Corporate Responsibility

Corporate Responsibility

Opinions expressed on this blog reflect the writer’s views and not the position of the Capgemini Group

Honoring our Asian Pacific American Veterans

 

National Military Appreciation Month

Tens of millions of people who live and work in the United States enthusiastically look forward to the month of May.  For those of us who live a bit further north and for whom winter seems to always overstay its welcome, spring has finally taken hold.  We wait with baited breath for Memorial Day weekend because of the extra day off and the chance to celebrate the ceremonial start to summer!  Break out the tank tops and flip flops and bring on the grilled deliciousness!  But how many of us give much thought to this eagerly anticipated federal holiday?

In addition to Memorial Day, May is also National Military Appreciation Month and National Asian Pacific American Heritage Month.  Short intros to both of these important recognitions abound online and are worth checking out with a simple Google search.  So rather than rehash readily available information, I’d like to amalgamate both and appreciate the specific threads that Asian Pacific American Veterans, part of the best and bravest among us, have contributed to the blanket of freedom under which we all rest so comfortably.  The following are a just a few of the many noteworthy exploits and contributions that the APA community has made as members of the US Armed Forces, having selflessly given their blood, sweat, and tears so the rest of us can celebrate this month with our loved ones.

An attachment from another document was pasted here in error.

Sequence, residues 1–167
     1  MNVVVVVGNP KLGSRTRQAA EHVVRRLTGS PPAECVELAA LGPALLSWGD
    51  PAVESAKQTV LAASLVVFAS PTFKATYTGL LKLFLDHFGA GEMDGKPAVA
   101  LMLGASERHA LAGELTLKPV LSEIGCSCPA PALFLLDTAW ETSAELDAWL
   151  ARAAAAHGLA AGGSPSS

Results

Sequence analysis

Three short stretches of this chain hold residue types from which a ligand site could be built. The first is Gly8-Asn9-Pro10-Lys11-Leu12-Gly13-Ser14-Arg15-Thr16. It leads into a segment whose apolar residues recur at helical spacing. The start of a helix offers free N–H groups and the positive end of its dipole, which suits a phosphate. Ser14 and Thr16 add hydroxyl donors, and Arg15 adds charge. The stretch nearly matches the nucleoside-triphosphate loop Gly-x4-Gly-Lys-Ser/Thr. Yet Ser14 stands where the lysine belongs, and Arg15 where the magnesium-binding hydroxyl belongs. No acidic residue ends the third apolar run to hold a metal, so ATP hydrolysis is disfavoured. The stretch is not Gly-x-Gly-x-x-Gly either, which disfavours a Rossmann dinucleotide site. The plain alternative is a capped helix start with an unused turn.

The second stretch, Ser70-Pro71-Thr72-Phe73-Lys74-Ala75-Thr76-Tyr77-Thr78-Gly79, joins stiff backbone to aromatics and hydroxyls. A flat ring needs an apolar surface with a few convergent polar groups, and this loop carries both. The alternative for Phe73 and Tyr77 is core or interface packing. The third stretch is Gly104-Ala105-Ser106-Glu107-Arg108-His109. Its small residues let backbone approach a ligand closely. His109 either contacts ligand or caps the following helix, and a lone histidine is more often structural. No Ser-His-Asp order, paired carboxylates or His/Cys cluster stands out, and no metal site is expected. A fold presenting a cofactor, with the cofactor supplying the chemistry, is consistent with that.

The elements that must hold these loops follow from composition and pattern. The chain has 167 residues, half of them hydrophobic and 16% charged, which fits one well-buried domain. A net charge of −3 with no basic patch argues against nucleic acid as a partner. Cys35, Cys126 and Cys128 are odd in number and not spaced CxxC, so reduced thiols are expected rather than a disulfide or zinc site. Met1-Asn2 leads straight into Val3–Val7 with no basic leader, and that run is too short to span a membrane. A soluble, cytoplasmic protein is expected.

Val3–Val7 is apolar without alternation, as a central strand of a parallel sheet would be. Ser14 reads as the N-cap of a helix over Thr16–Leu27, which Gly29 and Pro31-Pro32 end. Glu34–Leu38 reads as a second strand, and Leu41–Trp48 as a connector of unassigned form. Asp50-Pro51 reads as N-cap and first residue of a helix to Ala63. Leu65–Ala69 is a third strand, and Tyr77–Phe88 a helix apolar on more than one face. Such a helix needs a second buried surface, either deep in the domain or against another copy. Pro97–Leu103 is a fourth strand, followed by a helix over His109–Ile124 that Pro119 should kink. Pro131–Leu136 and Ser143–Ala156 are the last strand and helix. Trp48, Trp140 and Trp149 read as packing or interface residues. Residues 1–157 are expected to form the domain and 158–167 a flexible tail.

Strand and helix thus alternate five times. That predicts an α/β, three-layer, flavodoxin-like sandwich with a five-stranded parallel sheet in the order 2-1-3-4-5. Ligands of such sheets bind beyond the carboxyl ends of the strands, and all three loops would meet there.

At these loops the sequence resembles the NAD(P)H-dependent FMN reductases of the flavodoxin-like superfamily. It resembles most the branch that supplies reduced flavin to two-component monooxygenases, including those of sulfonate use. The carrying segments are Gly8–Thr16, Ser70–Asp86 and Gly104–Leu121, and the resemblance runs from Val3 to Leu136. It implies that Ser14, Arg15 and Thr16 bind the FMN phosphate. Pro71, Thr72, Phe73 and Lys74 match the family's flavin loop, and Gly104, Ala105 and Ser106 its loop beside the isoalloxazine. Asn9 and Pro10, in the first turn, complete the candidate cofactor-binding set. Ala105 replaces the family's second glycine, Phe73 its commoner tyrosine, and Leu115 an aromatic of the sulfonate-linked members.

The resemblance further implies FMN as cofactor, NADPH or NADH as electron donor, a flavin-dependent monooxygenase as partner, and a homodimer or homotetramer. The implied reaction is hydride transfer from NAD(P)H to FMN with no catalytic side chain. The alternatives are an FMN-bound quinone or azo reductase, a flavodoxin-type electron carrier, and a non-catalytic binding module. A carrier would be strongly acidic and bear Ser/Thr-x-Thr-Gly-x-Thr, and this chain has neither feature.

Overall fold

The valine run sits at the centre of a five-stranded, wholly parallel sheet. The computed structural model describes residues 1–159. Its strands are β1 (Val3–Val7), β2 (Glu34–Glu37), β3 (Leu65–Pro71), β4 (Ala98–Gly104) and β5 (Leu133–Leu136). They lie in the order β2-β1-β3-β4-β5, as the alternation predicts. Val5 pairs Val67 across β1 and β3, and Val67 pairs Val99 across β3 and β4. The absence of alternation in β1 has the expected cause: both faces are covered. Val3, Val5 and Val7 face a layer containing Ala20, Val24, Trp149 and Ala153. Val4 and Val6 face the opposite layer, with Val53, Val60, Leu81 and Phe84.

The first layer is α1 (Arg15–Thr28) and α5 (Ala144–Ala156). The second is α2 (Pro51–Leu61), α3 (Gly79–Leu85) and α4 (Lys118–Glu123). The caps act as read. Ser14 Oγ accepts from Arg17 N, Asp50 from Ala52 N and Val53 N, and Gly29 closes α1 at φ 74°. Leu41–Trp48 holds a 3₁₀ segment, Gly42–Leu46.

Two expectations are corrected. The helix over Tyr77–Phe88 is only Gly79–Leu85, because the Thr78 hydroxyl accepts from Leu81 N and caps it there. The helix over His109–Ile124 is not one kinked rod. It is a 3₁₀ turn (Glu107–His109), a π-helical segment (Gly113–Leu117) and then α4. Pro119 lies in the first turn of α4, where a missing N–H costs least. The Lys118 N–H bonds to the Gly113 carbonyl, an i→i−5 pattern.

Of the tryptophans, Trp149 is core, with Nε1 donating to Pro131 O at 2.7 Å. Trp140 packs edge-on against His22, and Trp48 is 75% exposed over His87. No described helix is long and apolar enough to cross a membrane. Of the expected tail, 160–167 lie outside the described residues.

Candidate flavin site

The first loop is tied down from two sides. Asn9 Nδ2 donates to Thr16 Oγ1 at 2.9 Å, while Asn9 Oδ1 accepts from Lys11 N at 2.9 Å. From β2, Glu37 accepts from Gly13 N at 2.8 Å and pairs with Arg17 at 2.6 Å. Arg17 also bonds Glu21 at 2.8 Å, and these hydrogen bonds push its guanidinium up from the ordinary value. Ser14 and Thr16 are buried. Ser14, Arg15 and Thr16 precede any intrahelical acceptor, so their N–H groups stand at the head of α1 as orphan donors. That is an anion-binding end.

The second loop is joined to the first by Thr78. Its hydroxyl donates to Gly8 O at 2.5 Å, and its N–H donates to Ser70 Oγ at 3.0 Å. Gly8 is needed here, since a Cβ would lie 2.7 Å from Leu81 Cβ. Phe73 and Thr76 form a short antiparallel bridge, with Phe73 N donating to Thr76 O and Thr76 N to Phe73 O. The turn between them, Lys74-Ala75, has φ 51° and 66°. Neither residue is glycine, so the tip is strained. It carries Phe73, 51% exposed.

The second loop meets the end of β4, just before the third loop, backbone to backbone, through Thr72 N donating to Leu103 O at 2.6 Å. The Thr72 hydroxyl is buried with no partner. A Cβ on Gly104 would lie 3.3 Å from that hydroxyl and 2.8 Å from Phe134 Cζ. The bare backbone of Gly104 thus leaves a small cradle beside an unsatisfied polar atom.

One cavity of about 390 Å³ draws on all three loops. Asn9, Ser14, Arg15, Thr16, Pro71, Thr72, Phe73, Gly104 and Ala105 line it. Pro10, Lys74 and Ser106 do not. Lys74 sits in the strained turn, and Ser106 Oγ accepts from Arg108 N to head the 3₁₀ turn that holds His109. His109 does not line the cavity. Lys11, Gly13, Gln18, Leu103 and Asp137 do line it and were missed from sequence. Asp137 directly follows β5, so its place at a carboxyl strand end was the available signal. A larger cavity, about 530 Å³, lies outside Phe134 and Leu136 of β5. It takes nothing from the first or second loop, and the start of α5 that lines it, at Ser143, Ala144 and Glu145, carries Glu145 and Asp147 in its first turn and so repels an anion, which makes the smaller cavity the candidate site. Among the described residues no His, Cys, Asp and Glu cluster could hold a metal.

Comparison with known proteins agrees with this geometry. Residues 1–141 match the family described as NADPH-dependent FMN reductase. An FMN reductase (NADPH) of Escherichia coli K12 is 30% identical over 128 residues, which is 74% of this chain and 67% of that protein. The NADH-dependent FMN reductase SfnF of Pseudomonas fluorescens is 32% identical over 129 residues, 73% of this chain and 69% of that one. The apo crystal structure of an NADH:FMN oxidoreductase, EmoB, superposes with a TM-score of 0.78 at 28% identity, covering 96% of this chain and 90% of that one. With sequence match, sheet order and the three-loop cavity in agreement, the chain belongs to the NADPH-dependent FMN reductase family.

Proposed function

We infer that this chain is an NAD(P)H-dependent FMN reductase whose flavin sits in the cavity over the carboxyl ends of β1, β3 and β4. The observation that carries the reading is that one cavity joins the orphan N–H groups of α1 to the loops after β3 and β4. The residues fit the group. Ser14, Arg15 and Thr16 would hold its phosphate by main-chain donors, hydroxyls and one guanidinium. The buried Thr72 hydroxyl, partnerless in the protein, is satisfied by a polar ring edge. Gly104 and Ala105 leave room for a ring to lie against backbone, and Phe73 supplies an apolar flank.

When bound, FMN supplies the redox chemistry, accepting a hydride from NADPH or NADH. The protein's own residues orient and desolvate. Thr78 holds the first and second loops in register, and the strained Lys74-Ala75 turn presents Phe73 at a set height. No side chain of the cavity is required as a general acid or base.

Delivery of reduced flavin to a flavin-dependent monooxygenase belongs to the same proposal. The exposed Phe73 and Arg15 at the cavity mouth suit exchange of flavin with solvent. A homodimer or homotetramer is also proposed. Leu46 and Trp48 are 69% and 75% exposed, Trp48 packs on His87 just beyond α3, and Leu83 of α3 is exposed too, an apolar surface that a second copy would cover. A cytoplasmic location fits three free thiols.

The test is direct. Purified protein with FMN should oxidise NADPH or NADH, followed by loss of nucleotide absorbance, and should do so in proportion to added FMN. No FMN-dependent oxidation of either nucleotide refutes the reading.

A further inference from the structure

Jose B. Nisperos was a member of the Philippine Scouts and was the first Asian-American to be awarded the Medal of Honor.  On September 24th, 1911 in Lapurap, Basilan, Philippines, Nisperos served in the Army’s 34th Company of Philippine Scouts.  From his citation; “Having been badly wounded (his left arm was broken and lacerated and he had received several spear wounds in the body so that he could not stand) continued to fire his rifle with one hand until the enemy was repulsed, thereby aiding materially in preventing the annihilation of his party and the mutilation of their bodies.” (Philippine Insurrection, United States Army Center of Military History.)

The most decorated unit in US military history (for its size and strength) was the 442 Regimental Combat Team.  The unit was comprised almost completely of Japanese-Americans from Hawaii.  The unit served during WWII and was 4000 men strong. It was refreshed nearly two and a half times, seeing nearly 14,000 men serve during its existence.  The unit earned 9,486 Purple Hearts, eight Presidential Unit Citations (five in one month!), and 21 of its members were awarded the Medal of Honor.  The unit’s motto was “Go For Broke.” (442nd Infantry Regiment (United States), Wikipedia).